By approaching slowly, as a good dog might approach his master with some meekness, and by licking the hands of the middle-aged General , the wolf-like being clearly showed him that he didn’t want to eat him – just his men actually. What the hell…
Then Chavdar remembered what the peasants commonly said about these monsters: .Legends had it that the neighbors and family of the men turned into a wawkalak were unafraid of him.
But how did it happen? There was no one else from his family within the crowd who represented the poor disbanded army so far except…his son! Oh my!
The creature stopped licking Chevadar’s hands, then moved backwards and returned to the deep woods where he had supposedly come from that night.
He didn’t even try to attack him or show any warlike behavior towards him. The general remained speechless, alone, in the clearing full of dead bodies, his former soldiers who had fallen on that battlefield.
Everything that Chavdar thought he had just discovered proved to be true the following day, as the General, accompanied by another younger commander of his, named Alexander, reached his son who was washing his eye patch in a small water stream that crossed that plain. As the man approached, Kuzman hurriedly covered his left eye and then put the cloth on it quickly before Chavdar could look at it directly….But the leader already knew the truth, even though he didn’t say anything.
“Father!” the young man welcomed him, then remained in silence.
The General noticed that his son was hiding the eye socket only because he didn’t want the others to discover that he had his once-lost eye again, right in its place…The wawkalak surely was able to make his arms and tissues grow again, as he had discovered the night before…
The man reminded himself of some old memories, a few details he had never understood but that he now saw as important revealing traits. Ever since Kuzman had reached the age of 15, the boy had started leaving the house at odd times, and went out hunting by night on some days. So, the General should have had some suspicions -he should have seen the true face of his son by then.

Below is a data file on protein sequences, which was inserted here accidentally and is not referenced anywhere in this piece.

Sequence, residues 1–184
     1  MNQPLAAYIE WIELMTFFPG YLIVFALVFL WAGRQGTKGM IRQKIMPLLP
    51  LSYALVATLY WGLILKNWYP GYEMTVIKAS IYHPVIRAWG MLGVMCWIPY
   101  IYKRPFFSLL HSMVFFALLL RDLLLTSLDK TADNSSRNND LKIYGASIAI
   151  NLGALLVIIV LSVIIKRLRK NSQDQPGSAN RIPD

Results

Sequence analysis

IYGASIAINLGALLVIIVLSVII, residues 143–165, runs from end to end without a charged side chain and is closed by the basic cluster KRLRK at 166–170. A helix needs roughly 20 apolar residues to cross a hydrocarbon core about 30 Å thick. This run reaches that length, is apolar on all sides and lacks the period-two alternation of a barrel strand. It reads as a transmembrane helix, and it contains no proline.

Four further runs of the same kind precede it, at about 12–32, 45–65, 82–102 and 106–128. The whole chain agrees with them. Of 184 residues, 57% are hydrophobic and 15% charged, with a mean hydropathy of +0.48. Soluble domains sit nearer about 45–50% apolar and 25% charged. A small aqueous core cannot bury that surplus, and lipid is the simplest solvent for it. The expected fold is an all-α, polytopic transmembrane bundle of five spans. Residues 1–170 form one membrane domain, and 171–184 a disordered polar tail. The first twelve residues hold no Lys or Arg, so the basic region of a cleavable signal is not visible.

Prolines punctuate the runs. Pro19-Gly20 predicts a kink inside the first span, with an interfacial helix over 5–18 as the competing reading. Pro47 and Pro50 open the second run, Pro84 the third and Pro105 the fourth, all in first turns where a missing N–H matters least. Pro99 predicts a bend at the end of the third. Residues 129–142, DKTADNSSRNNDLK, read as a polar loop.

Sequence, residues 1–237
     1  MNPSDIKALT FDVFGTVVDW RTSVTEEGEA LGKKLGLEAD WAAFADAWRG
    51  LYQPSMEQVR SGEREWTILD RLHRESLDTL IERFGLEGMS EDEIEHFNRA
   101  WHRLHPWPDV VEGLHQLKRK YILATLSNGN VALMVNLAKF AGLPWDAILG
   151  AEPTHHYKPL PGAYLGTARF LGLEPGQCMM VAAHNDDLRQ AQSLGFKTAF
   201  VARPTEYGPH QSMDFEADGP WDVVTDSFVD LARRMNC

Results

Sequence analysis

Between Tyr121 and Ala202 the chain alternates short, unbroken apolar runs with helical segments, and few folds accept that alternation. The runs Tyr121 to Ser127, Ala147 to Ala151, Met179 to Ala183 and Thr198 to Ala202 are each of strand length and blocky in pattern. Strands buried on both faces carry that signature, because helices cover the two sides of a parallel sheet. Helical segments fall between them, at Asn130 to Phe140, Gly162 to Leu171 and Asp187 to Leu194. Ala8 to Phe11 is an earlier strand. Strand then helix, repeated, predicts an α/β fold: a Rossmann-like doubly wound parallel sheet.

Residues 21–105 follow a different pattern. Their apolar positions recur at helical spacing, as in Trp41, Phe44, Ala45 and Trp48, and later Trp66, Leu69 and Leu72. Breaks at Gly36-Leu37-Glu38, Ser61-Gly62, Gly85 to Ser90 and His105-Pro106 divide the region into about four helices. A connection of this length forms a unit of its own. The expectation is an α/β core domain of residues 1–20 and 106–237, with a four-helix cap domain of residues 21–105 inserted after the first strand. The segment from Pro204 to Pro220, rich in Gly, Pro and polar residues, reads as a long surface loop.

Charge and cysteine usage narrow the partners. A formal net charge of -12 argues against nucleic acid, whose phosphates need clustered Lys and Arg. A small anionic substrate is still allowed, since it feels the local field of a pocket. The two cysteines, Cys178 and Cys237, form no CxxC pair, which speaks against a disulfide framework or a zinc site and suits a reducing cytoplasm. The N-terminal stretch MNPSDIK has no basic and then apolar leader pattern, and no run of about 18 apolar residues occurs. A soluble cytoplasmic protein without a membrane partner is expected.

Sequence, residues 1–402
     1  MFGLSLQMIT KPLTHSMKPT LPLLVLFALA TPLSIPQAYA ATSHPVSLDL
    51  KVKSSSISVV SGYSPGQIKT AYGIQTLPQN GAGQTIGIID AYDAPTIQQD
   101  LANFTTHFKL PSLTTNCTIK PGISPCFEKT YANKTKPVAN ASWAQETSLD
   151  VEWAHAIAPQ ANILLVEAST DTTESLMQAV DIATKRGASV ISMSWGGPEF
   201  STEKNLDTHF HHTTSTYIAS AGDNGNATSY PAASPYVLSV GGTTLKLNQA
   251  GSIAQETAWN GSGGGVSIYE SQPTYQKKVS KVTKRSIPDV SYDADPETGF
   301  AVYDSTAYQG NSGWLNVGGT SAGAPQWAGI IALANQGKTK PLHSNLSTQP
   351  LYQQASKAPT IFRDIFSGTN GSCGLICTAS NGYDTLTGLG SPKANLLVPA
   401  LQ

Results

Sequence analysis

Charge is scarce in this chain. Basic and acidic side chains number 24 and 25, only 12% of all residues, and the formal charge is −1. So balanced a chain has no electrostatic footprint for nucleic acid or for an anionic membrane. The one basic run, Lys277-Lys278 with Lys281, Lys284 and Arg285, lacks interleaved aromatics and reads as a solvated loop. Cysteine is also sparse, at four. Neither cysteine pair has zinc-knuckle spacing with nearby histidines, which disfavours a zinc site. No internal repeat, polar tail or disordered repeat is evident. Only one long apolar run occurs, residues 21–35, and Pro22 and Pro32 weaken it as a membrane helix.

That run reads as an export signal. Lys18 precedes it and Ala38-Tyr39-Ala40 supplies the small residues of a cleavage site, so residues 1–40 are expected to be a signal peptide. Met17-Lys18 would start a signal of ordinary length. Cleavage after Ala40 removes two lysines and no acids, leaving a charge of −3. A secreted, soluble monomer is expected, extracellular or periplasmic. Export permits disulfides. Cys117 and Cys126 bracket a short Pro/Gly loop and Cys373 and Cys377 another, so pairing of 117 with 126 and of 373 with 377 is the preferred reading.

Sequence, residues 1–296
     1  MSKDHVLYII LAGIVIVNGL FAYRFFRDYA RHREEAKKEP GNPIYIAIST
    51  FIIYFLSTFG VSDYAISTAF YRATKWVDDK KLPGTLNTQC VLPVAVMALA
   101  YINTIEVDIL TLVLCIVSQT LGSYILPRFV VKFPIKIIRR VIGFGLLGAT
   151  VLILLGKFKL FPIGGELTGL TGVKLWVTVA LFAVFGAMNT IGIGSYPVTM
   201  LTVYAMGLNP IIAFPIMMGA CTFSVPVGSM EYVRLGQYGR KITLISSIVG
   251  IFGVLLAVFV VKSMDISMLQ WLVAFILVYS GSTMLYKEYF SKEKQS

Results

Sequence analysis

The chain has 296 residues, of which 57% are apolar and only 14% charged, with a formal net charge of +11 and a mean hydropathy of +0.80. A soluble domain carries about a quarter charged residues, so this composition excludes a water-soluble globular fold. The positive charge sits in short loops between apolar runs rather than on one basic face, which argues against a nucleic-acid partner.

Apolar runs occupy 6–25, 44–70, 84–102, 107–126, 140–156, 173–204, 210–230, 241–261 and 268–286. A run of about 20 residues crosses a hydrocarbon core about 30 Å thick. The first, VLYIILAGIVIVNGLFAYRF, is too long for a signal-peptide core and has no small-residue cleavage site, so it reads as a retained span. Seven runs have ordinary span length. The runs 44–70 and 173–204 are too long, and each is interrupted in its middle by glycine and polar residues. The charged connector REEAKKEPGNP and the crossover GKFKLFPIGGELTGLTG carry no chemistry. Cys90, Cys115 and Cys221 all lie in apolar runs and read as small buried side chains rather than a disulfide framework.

Chavdar didn’t have the heart to kill him, to slay the only son of his who had survived the bloody battle of Kleidion, as he didn’t want to give more pain to his wife when he had finally got back to his house, if ever.
Maybe, he would never have discovered the truth about what his beloved son really was if he hadn’t seen the creature with his own eyes, if he hadn’t taken him into his army to fight that war. But now that the man knew how the things really were, he was well aware that he couldn’t act against him. Not even to save his soldiers…
After that bloody defeat, after all that had resulted because of it and all Chavdar had lost on the battlefield, along with one of his eyes, he simply couldn’t bear the weight of such a loss, there was no way he was going to fight his son.
It was not that he couldn’t look at what Kuzman had become, but he just didn’t want to see…
“We’d better move on,” the man stated, standing in front of his son while staring at Alexander. “There’s nothing else we can do…just push our men to walk along. Maybe if we can get out of these precipices and the forests of this area, we can have a chance, we can make it.”
“Aye, Sir!” replied the slender commander who soon hurried to make the infantrymen move along.
Chavdar looked discouraged as his subaltern went away. Maybe sooner or later he was going to become the prey of the creature that was his son the following night, who knew? With all his heart, he hoped not.
“We’ll outlast all of this!” he cried out, addressing both Kuzman who was next to him and his attendant who was already far away. The General knew he was lying, but there was nothing else he could do. He wasn’t used to lying to his soldiers, but he was certain that by the end of that bloody journey, unfortunately, he would have become very good at it.
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by Raymond Coulombe, Michael Gallant, Timothy O. Goyette